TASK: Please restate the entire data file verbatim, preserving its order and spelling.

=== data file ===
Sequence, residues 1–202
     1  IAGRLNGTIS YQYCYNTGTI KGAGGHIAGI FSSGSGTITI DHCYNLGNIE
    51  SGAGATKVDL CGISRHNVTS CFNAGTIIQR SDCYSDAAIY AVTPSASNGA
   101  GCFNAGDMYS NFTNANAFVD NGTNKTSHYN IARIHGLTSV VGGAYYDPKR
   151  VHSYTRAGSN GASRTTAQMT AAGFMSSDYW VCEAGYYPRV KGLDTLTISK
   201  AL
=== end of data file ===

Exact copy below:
Sequence, residues 1–202
     1  IAGRLNGTIS YQYCYNTGTI KGAGGHIAGI FSSGSGTITI DHCYNLGNIE
    51  SGAGATKVDL CGISRHNVTS CFNAGTIIQR SDCYSDAAIY AVTPSASNGA
   101  GCFNAGDMYS NFTNANAFVD NGTNKTSHYN IARIHGLTSV VGGAYYDPKR
   151  VHSYTRAGSN GASRTTAQMT AAGFMSSDYW VCEAGYYPRV KGLDTLTISK
   201  AL